Protesters of Chicago Mayor Rahm Emmanuel's plan to close dozens of city schools rally in the Capitol rotunda in Springfield, Ill., on Wednesday. The Chicago Board of Education voted to close 50 schools.
Credit M. Spencer Green / AP
Chicago Public Schools CEO Barbara Byrd-Bennett and Board of Education General Counsel James Bebley listen at a packed board meeting Wednesday in Chicago. The board voted Wednesday on Mayor Rahm Emanuel's proposal to close dozens of schools.
A day after school officials approved shutting down 50 schools, the Chicago Teachers Union and community activists say they'll hold a voter registration and education campaign. The union is agitated that Mayor Rahm Emanuel, school board members and some lawmakers failed to listen to parents, teachers and others who called for the schools to remain open.
Before they voted yes on the sweeping school closure plan, school board members faced a torrent of criticism Wednesday. Protesters tried to conduct a sit-in at the front of the boardroom, but security officers escorted them out.
Federal Reserve chairman Ben Bernanke told Congress Wednesday that the central bank is not ready to scale back on economic stimulus. But he suggested the Fed may start to pare back bond purchases if the economy picks up momentum. Stocks fell following Bernanke's remarks.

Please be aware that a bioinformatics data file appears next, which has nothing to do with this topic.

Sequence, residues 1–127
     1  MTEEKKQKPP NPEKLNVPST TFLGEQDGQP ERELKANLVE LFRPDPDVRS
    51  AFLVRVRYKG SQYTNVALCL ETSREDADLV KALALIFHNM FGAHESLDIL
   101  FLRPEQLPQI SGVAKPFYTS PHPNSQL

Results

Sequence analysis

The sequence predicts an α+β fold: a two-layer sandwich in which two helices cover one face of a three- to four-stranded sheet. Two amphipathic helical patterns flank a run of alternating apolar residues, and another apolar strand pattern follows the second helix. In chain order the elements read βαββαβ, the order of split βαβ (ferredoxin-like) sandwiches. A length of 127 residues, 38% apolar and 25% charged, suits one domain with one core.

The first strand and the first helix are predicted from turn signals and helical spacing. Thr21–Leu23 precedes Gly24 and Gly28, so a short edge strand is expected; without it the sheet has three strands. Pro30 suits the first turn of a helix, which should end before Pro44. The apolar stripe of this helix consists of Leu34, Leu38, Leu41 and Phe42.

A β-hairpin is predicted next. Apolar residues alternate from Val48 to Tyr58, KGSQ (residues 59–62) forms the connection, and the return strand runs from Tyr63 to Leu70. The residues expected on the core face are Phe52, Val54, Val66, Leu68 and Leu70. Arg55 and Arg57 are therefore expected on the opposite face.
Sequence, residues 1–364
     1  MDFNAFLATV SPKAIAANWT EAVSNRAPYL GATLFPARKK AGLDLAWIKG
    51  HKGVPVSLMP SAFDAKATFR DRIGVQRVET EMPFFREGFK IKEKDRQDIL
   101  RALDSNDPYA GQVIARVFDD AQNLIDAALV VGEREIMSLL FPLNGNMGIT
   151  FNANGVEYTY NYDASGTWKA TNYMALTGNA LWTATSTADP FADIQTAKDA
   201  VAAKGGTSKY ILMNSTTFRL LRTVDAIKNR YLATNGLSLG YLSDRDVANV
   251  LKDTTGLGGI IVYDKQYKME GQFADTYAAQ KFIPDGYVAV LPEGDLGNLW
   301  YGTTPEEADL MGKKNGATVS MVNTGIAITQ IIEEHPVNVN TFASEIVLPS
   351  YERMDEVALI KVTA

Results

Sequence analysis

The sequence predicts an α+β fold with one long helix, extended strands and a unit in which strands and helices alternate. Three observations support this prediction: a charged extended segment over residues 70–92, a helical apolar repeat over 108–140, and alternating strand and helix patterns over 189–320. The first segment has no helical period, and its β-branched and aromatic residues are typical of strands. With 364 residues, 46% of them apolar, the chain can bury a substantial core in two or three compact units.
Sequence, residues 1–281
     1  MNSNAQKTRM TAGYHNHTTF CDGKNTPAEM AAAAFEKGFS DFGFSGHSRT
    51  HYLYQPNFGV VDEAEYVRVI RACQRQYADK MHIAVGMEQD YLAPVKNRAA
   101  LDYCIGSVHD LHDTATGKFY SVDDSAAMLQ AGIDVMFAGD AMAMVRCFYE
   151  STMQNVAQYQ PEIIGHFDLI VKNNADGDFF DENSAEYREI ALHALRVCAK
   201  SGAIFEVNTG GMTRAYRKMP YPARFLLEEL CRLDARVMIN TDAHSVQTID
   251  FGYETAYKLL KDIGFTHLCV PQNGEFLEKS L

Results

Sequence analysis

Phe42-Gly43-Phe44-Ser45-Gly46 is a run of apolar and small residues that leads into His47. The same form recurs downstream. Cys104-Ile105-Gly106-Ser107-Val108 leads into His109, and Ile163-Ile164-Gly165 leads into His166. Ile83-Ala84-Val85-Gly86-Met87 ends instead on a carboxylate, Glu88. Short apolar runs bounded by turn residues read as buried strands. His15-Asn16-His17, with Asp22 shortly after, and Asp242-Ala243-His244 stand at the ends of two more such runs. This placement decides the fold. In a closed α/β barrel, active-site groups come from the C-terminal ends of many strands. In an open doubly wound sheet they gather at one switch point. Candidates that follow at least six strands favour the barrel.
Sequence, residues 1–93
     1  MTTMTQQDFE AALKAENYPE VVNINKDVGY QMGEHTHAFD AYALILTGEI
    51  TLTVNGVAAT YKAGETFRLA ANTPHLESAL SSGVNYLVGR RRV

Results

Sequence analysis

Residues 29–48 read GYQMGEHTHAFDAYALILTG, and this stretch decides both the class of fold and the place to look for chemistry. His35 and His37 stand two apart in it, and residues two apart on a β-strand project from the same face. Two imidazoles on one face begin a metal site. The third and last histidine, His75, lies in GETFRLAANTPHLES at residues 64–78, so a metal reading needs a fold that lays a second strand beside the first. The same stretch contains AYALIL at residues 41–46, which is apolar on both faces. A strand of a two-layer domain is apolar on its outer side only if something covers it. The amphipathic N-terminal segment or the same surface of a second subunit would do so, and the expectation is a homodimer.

On Wednesday, Lois Lerner, the IRS official overseeing the tax-exempt organizations office, refused to testify during a hearing on Capitol Hill, and was attacked by some Republicans on the House committee. Her brief appearance was the beginning of a five-hour session marked by angry outbursts and allegations of political motives.
President Obama speaks at Ellicott Dredges in Baltimore on May 17. The trip followed a visit by the company's president to Capitol Hill to testify in support of the Keystone XL pipeline. The White House says Obama's speech had nothing to do with Keystone, but environmental groups have been frustrated with his stance on the issue.
NPR continues its conversations about The Race Card Project, where NPR Host/Special Correspondent Michele Norris asks people to send in six-word stories about race and culture. The submissions are personal, provocative and often quite candid.
Prison is a tough place, but Congress made an exception nearly 30 years ago, giving terminally ill inmates and prisoners with extraordinary family circumstances an early way out. It's called compassionate release.
But a recent investigation found that many federal inmates actually die while their requests drift through the system.
Credit Ian Harrowell, Christine Austin, Manish Arora / Harvard School of Public Health
This model of a molar shows color-coded barium banding patterns that reveal weaning age.
Credit Alyson Hurt, Adam Cole / NPR / Christine Austin / Westmead Centre for Oral Health
Top: Lines on a 100,000-year-old Neanderthal tooth mark the passage of time. Bottom: The distribution of barium shows dietary transition: low barium before birth (1), high barium during breast-feeding (2) and falling barium as the Neanderthal transitions to a mixed diet (3).
Our closest relatives, chimpanzees and gorillas, breast-feed their offspring for several years. Some baby orangutans nurse until they are 7 years old.
But modern humans wean much earlier. In preindustrial societies, babies stop nursing after about two years. Which raises the question: How did we get that way? When did we make the evolutionary shift from ape-like parenting, to the short breast-feeding period of humans?